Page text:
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By Brahma Chellaney
Beijing's creeping aggression signals a challenge to U.S. presence in the Asian Pacific
Independent voices from the The Washington Times Communities
Topic - Justice And Development Party
In a landmark trial, scores of people — including Turkey's former military chief, politicians and journalists — were convicted on Monday of plotting to overthrow Prime Minister Recep Tayyip Erdogan's government soon after it came to power in 2002.
Police in Turkey on Friday fired tear gas and shot water cannons at demonstrators who took over a park in Istanbul to decry the construction of a shopping mall.
Turkey's Islamist prime minister, barred from seeking a fourth term, is exploring ways to create a strongman presidency and run for the powerful new office next year, but critics fear his political engineering could undermine the country's secular democratic tradition.
International sanctions could trigger a popular uprising in Iran similar to last year's revolution in Egypt that toppled President Hosni Mubarak, Israel's foreign minister said in statements published Sunday.
Turkey's regional status as a democratic role model is being threatened by the Muslim country's 30-year conflict with Kurds, which now is pushing Turkey toward violent upheaval.
Soon after an Islamist opposition leader became Morocco's prime minister as the result of landmark elections, his archrival was named a top adviser to the king.
The Arab Spring set in with the hope that a huge democratic change finally was within reach for the region. Now, 12 months later, that initial euphoria largely has subsided.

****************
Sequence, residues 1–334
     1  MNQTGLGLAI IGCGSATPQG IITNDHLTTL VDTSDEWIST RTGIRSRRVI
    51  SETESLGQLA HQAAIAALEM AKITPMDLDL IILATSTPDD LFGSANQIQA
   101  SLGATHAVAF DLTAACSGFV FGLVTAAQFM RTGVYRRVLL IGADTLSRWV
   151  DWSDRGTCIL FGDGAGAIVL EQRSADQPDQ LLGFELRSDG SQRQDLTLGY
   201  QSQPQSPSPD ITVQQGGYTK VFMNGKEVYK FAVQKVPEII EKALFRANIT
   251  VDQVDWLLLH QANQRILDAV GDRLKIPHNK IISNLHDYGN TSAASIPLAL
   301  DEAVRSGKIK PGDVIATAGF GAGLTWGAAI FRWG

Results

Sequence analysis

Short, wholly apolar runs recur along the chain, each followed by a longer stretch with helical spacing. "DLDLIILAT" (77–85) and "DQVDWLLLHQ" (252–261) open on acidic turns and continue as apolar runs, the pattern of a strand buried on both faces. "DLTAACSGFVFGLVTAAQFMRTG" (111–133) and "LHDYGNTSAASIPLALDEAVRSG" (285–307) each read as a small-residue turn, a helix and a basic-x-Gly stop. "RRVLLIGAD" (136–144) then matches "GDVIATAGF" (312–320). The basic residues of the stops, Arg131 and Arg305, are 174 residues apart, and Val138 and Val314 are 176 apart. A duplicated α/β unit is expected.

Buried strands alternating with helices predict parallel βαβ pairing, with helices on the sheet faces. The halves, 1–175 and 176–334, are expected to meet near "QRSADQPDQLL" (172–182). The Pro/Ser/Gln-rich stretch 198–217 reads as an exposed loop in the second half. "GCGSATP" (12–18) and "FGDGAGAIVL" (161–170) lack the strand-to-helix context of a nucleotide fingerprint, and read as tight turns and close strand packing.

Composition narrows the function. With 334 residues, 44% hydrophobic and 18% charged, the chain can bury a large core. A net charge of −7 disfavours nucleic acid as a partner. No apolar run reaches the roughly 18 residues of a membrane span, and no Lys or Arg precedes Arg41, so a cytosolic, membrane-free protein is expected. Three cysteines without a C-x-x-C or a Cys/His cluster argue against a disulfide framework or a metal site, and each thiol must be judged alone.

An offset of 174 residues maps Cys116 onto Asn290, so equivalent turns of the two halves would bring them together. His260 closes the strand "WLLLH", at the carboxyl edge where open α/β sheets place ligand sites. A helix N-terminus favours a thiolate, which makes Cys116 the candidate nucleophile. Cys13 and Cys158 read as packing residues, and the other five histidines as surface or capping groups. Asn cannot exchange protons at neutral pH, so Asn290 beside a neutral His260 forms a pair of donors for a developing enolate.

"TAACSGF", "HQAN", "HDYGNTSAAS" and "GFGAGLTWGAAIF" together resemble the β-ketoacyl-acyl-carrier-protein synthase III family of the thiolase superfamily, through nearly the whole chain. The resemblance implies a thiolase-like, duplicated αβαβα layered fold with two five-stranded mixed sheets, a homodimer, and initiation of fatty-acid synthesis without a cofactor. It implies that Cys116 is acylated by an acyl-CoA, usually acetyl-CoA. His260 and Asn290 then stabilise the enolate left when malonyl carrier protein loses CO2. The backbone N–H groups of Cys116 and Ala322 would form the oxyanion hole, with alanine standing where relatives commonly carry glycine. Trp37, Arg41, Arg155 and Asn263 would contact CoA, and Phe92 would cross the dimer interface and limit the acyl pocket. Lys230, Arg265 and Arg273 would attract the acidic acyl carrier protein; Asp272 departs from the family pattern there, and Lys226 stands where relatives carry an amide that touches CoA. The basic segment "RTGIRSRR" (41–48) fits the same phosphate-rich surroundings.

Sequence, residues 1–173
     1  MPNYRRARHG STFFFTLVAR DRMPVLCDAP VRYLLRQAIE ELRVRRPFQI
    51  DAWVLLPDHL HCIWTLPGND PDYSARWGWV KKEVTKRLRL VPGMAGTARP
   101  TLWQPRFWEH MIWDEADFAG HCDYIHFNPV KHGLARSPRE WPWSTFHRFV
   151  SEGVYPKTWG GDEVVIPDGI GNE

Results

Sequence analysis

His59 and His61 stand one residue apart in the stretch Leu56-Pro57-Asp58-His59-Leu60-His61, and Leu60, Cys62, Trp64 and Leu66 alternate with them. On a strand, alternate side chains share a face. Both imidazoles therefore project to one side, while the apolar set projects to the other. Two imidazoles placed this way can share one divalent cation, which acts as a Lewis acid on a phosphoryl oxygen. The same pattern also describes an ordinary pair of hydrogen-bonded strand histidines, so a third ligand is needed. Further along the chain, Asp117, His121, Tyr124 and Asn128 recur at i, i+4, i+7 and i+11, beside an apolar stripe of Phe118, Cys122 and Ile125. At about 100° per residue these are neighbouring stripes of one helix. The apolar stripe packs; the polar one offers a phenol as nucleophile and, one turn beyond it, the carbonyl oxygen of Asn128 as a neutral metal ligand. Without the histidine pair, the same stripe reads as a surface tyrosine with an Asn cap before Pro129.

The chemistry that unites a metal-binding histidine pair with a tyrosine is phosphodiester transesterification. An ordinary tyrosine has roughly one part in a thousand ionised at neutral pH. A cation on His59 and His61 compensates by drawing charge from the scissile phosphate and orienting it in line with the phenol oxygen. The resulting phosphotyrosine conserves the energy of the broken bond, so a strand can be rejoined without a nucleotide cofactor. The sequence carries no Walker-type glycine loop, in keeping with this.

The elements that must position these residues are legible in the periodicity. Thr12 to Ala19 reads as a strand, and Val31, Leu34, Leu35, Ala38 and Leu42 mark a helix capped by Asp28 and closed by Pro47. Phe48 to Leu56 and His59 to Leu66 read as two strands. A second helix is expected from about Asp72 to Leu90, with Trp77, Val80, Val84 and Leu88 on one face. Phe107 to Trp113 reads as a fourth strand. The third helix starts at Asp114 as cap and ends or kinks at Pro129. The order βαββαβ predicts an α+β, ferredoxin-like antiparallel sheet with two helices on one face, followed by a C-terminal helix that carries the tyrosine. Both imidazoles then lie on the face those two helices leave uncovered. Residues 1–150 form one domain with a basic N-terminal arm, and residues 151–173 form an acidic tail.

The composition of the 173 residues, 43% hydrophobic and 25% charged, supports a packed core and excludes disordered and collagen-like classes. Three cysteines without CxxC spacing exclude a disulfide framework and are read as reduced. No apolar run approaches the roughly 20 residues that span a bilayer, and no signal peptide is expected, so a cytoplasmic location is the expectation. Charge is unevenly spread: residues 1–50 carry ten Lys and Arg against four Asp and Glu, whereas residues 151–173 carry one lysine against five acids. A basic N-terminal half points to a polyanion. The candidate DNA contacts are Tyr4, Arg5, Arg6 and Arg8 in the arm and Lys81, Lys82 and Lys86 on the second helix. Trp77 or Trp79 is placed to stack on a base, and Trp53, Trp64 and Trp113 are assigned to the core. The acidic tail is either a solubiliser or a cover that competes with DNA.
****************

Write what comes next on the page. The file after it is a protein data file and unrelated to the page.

Long-oppressed Arabs may be supporting Islamist political parties, but that does not mean the United States needs to fear a new rash of governments imposing strict Islamic law, according to some analysts who reviewed voting patterns after the Arab Spring uprisings.
The victory of an Islamist Party in Morocco's parliamentary elections on Friday appears to be one more sign that religious-based parties are benefiting the most from the new freedoms brought by the Arab Spring.
Turkey's ruling party won a third term in parliamentary elections Sunday, setting the stage for the rising regional power to pursue trademark economic growth, assertive diplomacy and an overhaul of the military-era constitution.
A donors conference seeking $1.1 billion to clean up the Chernobyl disaster site fell well short of its goal Tuesday, but officials remained optimistic that money will be found to make the world's worst nuclear accident site environmentally safe.
Turkey's evolving responses to the war in Libya are just the latest indication of its goal to be a power broker on the world stage — one that balances its alliances to Mideast leaders such as Col. Gadhafi with calls for them to reform in the face of street revolts.
U.S. diplomats are still wrestling with the question of whether Turkey's ruling party is part of a fundamentalist Muslim movement bent on imposing brutal Islamic law on a country founded on democratic secular principles.
Foreign visitors in Washington this week include Catherine Ashton, the European Union's representative for foreign affairs and security policy and vice president of the European Commission.
The recent article, “Israel could lose a major Muslim ally” (Geopolitics, Monday) inaccurately describes Turkey’s falling-out with the West as a rift between Turkey and Israel which developed “over a recent raid on a flotilla bound for the Gaza Strip.”